To dismiss Indy Car as a series that has generated very little interest displays a stunning amount of ignorance and denial. In an economic climate that is seeing not only entire sports leagues but major business entities in all sectors simply vanishing, and all in a 500+ channel universe with more content delivery options than ever before, not to mention a nearly universally available Internet. Of course it is not at the level of popularity it was. You know, before NASCAR dominated, in a 10+ channel environment with rabbit ears and no Internet, and without malcontents selfishly attempting to kill it. Indy Racing does hold a viable position with paid network television, cable television, satellite radio and satellite television deals and a reasonable, cost efficient amount of sponsorship, manufacturer support and participation. Best of all, there is a lot of room for meaningful growth. Generally the best repudiation of the mindless taunting of bitter old men is reality. It works really well.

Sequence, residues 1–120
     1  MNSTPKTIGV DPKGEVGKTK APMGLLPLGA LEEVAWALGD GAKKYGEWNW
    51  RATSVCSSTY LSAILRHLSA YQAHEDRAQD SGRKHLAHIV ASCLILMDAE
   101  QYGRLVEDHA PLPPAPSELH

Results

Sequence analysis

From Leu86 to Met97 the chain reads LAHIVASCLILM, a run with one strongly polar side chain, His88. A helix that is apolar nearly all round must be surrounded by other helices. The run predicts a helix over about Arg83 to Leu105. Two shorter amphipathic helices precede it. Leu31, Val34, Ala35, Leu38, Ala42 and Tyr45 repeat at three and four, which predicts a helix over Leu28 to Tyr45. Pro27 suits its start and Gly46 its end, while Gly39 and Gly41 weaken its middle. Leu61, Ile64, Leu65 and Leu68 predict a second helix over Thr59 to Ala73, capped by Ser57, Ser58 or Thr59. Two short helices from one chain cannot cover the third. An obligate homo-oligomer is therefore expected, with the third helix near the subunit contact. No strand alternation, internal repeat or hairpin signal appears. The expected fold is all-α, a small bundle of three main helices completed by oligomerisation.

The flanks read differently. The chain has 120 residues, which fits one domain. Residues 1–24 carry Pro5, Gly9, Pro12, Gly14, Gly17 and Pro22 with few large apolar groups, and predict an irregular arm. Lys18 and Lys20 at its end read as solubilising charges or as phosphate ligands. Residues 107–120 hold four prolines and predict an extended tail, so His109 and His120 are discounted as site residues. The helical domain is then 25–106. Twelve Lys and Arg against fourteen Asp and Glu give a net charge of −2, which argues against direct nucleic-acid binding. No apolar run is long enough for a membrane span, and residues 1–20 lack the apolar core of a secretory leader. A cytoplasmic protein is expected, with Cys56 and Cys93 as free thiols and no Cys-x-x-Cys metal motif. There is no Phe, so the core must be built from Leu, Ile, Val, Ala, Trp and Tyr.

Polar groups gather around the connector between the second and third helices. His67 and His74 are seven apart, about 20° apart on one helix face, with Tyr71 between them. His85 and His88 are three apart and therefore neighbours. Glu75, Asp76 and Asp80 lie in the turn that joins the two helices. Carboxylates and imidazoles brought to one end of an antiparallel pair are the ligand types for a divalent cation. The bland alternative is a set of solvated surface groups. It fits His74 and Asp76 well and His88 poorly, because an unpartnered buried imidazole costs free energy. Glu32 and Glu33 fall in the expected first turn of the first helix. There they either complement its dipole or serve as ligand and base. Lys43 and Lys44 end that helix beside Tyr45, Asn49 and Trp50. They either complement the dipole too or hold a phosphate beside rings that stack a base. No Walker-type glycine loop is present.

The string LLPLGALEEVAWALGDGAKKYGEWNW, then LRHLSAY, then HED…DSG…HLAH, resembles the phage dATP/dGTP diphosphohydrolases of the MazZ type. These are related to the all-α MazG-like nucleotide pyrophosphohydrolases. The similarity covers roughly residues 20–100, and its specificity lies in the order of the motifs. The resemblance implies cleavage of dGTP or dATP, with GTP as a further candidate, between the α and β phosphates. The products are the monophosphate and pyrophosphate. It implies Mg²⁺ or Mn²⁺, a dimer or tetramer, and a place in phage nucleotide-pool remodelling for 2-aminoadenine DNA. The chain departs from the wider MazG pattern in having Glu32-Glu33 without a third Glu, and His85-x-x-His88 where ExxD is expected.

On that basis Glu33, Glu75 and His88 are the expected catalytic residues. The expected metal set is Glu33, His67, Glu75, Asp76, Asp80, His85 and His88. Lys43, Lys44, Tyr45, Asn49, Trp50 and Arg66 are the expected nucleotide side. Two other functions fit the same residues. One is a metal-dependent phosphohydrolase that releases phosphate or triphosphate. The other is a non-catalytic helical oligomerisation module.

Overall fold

“Indy type cars: This series, which at one time, was my favorite American series, but now is, in my humble, but practiced opinion, is FUBAR (Flugged Up Beyond All Recognition). The horses left the barn a long time ago, and may very well be lost forever. But, I’ll venture something that should be considered by the “powers that be” in that kind of racing (listening Roger?). The most exciting time in the history of the Indy 500 was when it was the epicenter (the central place) of innovation. When six wheeled cars, cars with engines on the side, different kinds of engines, twin engines, turbines, rotaries, diesels, ad naseum, were not only “allowed to compete”, they were “encouraged”.
News flash for the flat earth society: It is no longer 1964. We are well beyond that. Orient yourselves into the current century or die. Or at least find something else about which to obsess. If you people hate it so bad, why have you spent the past sixteen years obsessing over its every evolutionary nuance? I know the answer. It is because you not only lie to the rest of us, you lie to yourselves. You watch every second then bitch like fat, spurned spinsters with knotted, wet frilly lace panties.